Although the exact size and dimensions of the light-readable information recording disc 1 are matters of choice, the most common disc in commercial use today is 120 millimeters in diameter aid 1.2 millimeters thick. The layer of reflective material 7 is preferably about 70 nanometers thick, while the protective layer 8 ranges between 10 and 30 micrometers.

Each of these dimensions, however, is independent of the depth of pits 4 and 4′. As is further shown in FIG. 6, a light source 10 is provided beneath the substantially planar lower surface 6 of the light-readable information recording disc 1. In general commercial use today, the light source 10 is a laser operating at a wavelength of 780 nanometers in air (in a CD-player) or 650 nanometers in air (in a DVD-player). The type of light source 10 and its operating wavelength are, however, also mate of choice.

In accordance with the present invention, the operating wavelength of the fight source λ, the transverse magnification of the optical reader MT, the order of interference m, selected from a group consisting of odd integers, and the refractive index n of the transparent material 5 determine the depth d of pits 4 and 4′:

d = λ 2 n m 1 + M T 2 , ( m = 1 , 3 , 5 , ) .
Thus, for λ=780 nm, MT=0.5, m=1, and n=1.55 (the refractive index of polycarbonate), the optimum depth of the pits would be about 201 nanometers. On the other hand, for λ=650 nm, MT=0.5, m=1, and n=1.55, the optimum pit depth is about 168 nanometers.

Embodiment 2

According to another aspect of the present invention, parameters of the optical system used to read an information recording medium can be selected so as to maximize the light intensity differences between lands and pits for an already set depth of the pits, such as in a commercially available CD.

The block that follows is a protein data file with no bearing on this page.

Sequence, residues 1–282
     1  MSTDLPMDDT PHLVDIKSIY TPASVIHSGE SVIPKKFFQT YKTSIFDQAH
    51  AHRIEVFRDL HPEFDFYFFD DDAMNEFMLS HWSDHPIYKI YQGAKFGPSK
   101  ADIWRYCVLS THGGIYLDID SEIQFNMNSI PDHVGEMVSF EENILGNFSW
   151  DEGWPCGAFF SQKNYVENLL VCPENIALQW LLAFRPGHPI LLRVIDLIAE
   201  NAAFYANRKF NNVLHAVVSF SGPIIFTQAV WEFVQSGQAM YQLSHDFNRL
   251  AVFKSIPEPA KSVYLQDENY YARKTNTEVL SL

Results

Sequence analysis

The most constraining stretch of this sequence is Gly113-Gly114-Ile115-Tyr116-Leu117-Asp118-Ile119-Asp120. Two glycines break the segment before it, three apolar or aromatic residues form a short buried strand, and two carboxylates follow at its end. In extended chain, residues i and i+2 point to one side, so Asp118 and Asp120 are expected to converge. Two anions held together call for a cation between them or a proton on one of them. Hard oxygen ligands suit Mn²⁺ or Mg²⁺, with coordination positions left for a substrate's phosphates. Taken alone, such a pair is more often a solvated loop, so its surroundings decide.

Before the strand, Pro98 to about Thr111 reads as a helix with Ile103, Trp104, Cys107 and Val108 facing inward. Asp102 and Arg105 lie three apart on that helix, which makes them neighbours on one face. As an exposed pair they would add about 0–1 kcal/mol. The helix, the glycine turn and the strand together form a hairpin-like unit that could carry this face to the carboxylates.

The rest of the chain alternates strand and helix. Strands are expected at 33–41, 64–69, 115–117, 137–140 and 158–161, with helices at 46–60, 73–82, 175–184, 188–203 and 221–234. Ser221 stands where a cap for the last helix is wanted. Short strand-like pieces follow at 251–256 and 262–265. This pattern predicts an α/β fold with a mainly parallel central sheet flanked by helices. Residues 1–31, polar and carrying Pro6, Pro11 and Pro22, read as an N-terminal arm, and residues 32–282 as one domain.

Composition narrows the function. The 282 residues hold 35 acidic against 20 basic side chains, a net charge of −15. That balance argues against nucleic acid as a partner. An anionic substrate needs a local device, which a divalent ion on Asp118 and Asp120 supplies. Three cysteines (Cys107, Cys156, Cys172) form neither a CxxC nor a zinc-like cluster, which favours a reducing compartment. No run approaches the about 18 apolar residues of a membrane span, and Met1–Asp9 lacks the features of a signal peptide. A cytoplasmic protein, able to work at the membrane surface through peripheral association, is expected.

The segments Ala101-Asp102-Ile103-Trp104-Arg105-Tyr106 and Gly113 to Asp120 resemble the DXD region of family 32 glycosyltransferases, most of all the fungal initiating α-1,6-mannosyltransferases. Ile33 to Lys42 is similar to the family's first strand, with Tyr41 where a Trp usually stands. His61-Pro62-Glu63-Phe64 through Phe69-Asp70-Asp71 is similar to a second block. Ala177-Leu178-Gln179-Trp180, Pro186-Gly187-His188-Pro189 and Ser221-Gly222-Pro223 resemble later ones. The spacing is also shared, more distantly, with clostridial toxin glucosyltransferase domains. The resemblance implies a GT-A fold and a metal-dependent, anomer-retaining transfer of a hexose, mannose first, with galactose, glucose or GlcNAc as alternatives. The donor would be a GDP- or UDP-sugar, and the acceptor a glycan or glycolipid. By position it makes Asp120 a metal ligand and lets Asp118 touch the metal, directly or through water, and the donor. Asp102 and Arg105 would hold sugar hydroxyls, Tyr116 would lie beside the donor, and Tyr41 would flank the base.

As shown above, for the maximum contrast, the depth of said pits should be equal to about:

λ 2 n m 1 + M T 2 ,
where λ is the wavelength of light, used to read the information recording medium, m is the order of interference selected from a group consisting of odd integers, MT is the transverse magnification of the reader, and n is the refractive index of the material within the pits.

If the depth of the pits of a commercially available CD is about 114 nanometers and the refractive index n is 1.55, the optimum system parameters should satisfy the relationship:
353(1+M T 2)=mλ(in nanometers)
Choosing λ=780 nm and m=3, the optimum transverse magnification MT of the system becomes about 2.37. For the same wavelength at the source, if m=13, MT becomes about 5.

For a commercially available DVD with the pit depth at about 100 and n=1.55:
310(1+M T 2)=mλ(in nanometers)
choosing λ=650 nm and m=13, the optimum transverse magnification MT becomes about 5, just as for a commercially available CD. Accordingly, an optic reader with the transverse magnification of 5 can be used to read both commercially available CDs and DVDs.

Embodiment 3

Finally, the present invention also facilitates building a custom-designed system for reading an information recording medium. For example, if the system requirements include a longer wavelength laser (e.g., 1064 nm min air), large magnification (e.g., 10), and a pits and lands structure that is exposed to air, the relationship of the remaining parameters is governed by the expression:
d(in nanometers)=5.26 nm.
It is clear that if d is on the order of several nanometers, the manufacturing of such information recording media will be difficult and costly. In the absence of additional requirements, m can be made sufficiently large, for example 41. Under these conditions, d becomes about 216 nanometers.

It will be understood that the foregoing is only illusive of the principles of this invention, and that various modifications can be made by those skilled in the art without departing from the scope and spirit of the invention.

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Classifications
U.S. Classification369/275.1, 369/275.4
International ClassificationG11B7/013, G11B7/24
Cooperative ClassificationG11B7/24085
European ClassificationG11B7/24085